Independent Clauses | n. —unusual words about underappreciated music

The Imaginary Orchestra makes real chamber pop songs that charm

April 20, 2011

I listen to enough music for two or three people, between my real job and this venture. It takes an incredible song to enamor me for much longer than a few days. The Imaginary Orchestra‘s “Unbaptized Believer” is one of those such songs.

It’s not a perfect song. The three-piece Imaginary Orchestra recorded the tunes on “Hellow!” crowded around a single microphone, giving the album’s chamber-pop tunes a earnest immediacy and not hiding any flaws. Songwriter Steven Eiler has a couple moments where his voice doesn’t nail the note, and there are things here and there that would be scrubbed out of a studio recording. But the rawness of the track is part of what makes it glorious.

“Unbaptized Believer” is about the push and pull between organized but stale religious ceremony and unorganized but alive experience of religion. Any religious topic treated with dignity and thought keeps me coming back to the tune, but this particular issue is something I care deeply about. Eiler gives the lyrics a passionate treatment that doesn’t get maudlin or preachy, and that’s very difficult.

Another point of entry is the music itself, which is primarily acoustic guitar, bell kit, violin and three voices. The instruments enhance and augment Eiler’s passionate lyrics and melody without being invasive, and contribute quite a bit of emotion to the tune. There’s a moment where all three members of the band just go for it on a section, and it’s shiver-inducing (“by our names,” for those keeping track at home).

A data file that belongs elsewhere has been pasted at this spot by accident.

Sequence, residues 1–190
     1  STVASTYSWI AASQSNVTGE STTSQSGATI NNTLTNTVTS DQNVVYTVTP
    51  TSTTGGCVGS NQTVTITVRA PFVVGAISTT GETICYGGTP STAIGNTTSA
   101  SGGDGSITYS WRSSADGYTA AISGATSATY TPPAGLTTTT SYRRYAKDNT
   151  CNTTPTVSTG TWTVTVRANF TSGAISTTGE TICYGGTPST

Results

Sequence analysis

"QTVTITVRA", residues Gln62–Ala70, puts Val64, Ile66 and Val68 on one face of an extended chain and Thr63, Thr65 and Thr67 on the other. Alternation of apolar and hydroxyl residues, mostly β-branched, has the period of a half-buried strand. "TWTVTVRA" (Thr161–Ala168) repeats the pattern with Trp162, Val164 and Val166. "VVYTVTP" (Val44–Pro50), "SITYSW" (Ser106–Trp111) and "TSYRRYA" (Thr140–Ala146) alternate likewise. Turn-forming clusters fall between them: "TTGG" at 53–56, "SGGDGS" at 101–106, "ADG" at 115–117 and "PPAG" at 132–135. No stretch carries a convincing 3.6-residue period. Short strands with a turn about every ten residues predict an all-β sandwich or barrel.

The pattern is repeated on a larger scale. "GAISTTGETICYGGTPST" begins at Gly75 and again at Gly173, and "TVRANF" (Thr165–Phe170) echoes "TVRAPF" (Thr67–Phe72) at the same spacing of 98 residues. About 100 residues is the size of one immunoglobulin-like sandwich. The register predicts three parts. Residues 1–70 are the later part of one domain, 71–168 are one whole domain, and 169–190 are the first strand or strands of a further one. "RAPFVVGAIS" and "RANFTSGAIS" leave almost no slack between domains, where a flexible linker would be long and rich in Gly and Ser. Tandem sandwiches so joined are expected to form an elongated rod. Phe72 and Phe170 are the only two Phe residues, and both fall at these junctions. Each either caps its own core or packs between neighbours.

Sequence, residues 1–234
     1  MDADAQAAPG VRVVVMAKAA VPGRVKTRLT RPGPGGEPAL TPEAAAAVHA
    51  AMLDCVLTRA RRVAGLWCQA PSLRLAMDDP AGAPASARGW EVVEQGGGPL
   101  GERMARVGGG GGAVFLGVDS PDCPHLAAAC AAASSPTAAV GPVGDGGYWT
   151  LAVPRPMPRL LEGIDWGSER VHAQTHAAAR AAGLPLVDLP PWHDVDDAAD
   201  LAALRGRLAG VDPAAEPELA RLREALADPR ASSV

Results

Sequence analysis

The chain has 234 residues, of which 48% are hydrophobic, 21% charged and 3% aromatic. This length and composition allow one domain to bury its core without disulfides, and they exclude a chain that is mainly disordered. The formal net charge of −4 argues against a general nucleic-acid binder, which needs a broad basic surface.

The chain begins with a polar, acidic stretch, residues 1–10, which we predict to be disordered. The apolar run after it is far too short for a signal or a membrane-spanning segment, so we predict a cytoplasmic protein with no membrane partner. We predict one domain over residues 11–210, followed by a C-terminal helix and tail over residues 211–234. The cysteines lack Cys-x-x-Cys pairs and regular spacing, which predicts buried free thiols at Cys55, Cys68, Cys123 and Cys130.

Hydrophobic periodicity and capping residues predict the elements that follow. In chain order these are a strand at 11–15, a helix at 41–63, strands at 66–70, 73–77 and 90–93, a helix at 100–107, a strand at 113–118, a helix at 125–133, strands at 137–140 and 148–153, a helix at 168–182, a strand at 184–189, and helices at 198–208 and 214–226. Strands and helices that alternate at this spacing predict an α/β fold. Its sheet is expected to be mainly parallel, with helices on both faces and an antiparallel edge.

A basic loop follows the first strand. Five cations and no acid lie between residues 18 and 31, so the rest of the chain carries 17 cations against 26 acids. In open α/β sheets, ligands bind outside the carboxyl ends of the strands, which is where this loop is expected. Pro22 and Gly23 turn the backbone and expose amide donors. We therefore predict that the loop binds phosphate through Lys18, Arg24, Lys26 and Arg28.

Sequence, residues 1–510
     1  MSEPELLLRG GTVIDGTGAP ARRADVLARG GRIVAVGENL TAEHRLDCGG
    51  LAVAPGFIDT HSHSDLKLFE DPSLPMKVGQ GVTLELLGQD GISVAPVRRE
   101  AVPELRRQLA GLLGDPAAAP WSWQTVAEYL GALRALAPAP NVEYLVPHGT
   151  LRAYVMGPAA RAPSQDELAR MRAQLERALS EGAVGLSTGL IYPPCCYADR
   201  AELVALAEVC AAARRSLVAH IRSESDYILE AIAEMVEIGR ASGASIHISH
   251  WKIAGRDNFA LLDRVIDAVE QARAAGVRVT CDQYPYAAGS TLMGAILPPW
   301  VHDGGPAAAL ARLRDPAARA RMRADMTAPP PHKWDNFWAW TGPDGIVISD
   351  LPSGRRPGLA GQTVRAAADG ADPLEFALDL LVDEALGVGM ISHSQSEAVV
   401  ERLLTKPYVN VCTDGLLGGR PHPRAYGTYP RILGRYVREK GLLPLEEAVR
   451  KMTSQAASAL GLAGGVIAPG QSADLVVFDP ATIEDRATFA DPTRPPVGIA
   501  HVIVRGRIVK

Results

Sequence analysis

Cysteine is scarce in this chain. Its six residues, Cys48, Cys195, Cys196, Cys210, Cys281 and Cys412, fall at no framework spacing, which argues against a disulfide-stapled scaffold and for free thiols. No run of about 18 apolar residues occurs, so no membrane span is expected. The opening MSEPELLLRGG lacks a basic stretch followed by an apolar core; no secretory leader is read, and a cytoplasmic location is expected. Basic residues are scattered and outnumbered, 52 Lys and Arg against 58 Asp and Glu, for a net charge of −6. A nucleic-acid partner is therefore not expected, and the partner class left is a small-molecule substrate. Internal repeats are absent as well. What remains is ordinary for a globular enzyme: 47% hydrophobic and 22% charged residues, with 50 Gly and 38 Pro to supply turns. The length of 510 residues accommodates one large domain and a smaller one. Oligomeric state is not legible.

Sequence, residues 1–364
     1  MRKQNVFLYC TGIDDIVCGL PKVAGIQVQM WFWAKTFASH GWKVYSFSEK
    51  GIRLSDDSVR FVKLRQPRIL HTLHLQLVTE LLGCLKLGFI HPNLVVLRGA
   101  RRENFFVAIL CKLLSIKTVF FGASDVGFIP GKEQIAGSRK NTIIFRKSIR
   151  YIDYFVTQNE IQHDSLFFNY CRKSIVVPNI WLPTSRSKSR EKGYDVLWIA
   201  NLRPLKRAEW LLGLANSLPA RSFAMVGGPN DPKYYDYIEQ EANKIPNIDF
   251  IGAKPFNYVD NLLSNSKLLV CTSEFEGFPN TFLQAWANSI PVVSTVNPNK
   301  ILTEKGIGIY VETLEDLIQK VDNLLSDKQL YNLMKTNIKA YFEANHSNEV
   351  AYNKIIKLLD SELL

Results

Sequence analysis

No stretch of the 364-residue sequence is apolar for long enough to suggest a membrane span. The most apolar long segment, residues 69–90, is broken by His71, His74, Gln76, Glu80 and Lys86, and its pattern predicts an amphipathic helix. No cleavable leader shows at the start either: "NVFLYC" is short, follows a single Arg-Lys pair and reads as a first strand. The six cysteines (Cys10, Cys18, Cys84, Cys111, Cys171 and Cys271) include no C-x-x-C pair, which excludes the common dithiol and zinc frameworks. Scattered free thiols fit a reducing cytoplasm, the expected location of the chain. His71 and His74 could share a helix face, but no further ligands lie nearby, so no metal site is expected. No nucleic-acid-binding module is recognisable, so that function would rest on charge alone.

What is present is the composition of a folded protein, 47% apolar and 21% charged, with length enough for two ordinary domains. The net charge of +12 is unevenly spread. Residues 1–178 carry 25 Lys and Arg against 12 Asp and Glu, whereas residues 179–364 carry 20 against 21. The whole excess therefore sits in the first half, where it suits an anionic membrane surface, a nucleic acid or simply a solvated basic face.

Yes, the whole song comes together neatly in a raw, honest experience that is way more interesting to me with errors and warts than hundreds of other perfect tunes.

The rest of the tracks on “Hellow!” shine with a similar sparkle, only a little less brightly. The title track features a complicated but not unfriendly vocal arrangement and contrabassoon, which is impressive on both counts.  “Lord Who Hears, Please Lend Us Your Ear” is another beautiful tune in the vein of “Unbaptized Believer,” while “Holy Ground” and “No Time Is Enough” are each a minute and a half of thoughtful musing. “At the Bottom of the Hill” is the most pop-friendly tune here, kicking off with a “ohhhhhh, WHOA-OH-OH-OH!!” vocal line and continuing in a pleasantly upbeat way.

The Imaginary Orchestra’s “Hellow!” is a raw, honest recording of ten very thoughtful tunes. Whether having fun with arrangements or delivering impassioned performances of well-written lyrics, The Imaginary Orchestra does everything they do with gusto. This results in a set of lively, engaging tunes that will keep you coming back for more. I look forward to more from The Imaginary Orchestra. Get the whole set for free at the above link.

Stephen Carradini and friends write reviews of bands that are trying to make the next step in their careers.

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